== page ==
By Steve Solbrack –District 5950 New Club Development Chair and a member of the Twin Cities Rotary EcoClub, Minnesota, USA
We chartered our new Rotary club in February 2019 with 25 members and a focus on the environment. The EcoClub is a non-traditional format designed to attract a segment of the population not currently served by traditional clubs. We began with 48 percent of our members as women, 44 percent under the age of 40, and an average age of 42. In North America, those demographics are unheard of in a service organization of any kind. Continue reading
RI President Barry Rassin and Rotary directors with Rotaractors at the Rotaract Turns 50 Conference in Charlotte, North Carolina, USA.
By Alexandria Ritchie, a member of the Rotaract Club of Virginia Commonwealth University and the Rotary Club of James River, Richmond, Virginia, USA
Both Rotary and Rotaract have contributed so much to who I am as a young person. The spirit of innovation that I’ve found in this family has been instrumental to my journey.
During my very first meeting as a member of an Interact club, I listened as our faculty adviser talked about the project the club had just finished. They had raised funds to provide livestock to a family in South America. The livestock would benefit the family for years to come because it would help provide goods that they could sell in a local market for profit. I remember thinking how amazing and different this type of service seemed. Looking back, I now realize that I was falling in love with this idea of sustainability. Continue reading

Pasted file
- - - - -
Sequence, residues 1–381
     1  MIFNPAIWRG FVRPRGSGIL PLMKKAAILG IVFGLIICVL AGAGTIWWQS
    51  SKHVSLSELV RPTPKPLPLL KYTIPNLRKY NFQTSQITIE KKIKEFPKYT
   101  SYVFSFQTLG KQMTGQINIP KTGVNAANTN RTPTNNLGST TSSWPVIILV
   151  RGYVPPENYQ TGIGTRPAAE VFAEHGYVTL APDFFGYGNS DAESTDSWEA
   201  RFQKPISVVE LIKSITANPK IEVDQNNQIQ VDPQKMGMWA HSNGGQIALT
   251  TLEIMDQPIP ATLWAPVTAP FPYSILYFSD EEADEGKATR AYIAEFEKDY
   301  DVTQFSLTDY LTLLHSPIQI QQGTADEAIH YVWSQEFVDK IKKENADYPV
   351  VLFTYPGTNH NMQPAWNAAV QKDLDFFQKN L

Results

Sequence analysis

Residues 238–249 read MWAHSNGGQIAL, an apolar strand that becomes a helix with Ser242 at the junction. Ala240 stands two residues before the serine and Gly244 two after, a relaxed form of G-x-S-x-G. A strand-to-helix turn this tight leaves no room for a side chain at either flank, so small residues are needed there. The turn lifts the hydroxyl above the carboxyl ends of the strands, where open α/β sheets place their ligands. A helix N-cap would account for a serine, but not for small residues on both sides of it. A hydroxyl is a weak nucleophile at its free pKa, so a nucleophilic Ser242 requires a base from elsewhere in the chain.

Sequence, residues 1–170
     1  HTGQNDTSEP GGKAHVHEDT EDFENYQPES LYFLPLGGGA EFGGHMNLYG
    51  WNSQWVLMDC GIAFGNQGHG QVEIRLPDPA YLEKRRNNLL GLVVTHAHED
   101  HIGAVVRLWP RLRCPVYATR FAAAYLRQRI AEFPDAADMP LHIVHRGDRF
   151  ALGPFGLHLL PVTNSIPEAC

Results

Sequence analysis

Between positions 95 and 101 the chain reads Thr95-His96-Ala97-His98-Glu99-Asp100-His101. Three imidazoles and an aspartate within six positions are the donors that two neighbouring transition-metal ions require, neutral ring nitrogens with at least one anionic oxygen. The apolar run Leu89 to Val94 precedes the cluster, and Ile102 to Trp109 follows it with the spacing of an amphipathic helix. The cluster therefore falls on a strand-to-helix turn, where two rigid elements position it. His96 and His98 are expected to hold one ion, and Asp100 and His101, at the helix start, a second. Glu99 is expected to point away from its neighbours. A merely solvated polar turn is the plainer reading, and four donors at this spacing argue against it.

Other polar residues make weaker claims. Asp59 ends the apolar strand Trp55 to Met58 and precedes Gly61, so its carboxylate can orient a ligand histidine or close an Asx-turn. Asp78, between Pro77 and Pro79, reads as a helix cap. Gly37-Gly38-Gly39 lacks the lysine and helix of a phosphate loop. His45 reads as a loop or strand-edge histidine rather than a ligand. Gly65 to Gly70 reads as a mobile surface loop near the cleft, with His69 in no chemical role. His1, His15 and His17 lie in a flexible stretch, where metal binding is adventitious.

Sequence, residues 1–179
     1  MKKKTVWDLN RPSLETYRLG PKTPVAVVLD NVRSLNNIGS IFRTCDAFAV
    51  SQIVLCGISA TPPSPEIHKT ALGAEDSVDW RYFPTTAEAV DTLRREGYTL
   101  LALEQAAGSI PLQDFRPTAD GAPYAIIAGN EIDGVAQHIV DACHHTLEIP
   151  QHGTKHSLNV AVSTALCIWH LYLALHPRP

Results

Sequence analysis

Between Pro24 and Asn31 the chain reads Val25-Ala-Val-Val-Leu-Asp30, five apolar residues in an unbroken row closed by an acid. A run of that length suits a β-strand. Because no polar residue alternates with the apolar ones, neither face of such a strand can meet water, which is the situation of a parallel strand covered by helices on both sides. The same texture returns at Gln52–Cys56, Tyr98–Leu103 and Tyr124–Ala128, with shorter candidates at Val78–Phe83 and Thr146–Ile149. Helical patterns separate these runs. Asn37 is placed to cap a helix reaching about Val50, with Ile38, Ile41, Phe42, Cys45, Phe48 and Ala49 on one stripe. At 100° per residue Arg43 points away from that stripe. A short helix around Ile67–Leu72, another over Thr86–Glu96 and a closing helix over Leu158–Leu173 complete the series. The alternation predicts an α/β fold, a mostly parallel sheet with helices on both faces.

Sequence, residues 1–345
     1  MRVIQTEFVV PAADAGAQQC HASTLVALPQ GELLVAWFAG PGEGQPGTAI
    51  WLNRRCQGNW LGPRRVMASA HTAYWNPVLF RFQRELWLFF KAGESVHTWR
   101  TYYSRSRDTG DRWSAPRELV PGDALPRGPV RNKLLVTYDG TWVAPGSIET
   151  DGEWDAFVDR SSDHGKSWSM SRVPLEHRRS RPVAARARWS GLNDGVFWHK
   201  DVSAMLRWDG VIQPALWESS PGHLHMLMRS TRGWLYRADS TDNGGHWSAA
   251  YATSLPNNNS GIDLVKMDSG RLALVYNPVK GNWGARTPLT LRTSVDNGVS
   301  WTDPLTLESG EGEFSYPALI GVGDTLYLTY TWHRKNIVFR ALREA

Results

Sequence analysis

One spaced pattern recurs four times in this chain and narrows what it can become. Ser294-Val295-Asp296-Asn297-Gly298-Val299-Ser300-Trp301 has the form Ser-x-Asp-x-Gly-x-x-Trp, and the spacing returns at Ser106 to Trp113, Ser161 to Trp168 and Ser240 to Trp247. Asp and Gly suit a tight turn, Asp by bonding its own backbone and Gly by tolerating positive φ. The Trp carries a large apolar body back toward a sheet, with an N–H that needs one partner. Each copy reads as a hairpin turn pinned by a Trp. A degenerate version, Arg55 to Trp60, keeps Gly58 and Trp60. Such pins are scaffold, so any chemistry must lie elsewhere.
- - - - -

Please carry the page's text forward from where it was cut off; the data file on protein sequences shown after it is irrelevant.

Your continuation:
By Gary Bennett, past president of the Rotary Club of Kelowna and current member of the Sunrise Rotary Club of Kelowna, British Columbia, Canada
I read with great interest what President-elect Mark Daniel Maloney had to say about growing Rotary in the March issue of The Rotarian. He is spot on. Healthy membership is the life blood of any organization and Rotary is no exception. Because we all benefit from a thriving membership, all of us share a responsibility to help grow Rotary and bring in new members. President-elect Mark’s emphasis on growing Rotary is a welcome reminder of our opportunity to help. Continue reading
Charlie Masilae Hunt, right, and Ben Matari, chief of the village in Vanuatu where Hunt served as a Peace Corps Volunteer.
By Charlie Masilae Hunt, Rotary Club of Denver LoDo, Denver, Colorado
Imagine increasing your club membership by 50 percent in just one month. That is what my club did this past January. As a Returned Peace Corps Volunteer (RPCV) and a member of Rotary, I have had a dream for some time now of recruiting returned Peace Corps volunteers into our club. It is a natural fit. The focuses of both organizations are almost identical. So recruiting returned volunteers is certainly logical. Our club just had an induction ceremony adding ten newly returned volunteers to our membership. Continue reading
The Rotary Club of Madison South is known throughout the community for its Brat Stand.
By Angela Lingle and Ginny Olson, Rotary Club of Madison South, Wisconsin, USA
More than four decades ago, our club was facing disappointing returns on its staple fundraising events, a turkey shoot and light bulb sale, when inspiration hit. This is a story about how knowing your community, perseverance, and a little bit of luck can turn around just about any fundraising fortune and help a Rotary club raise money for projects while building awareness of Rotary.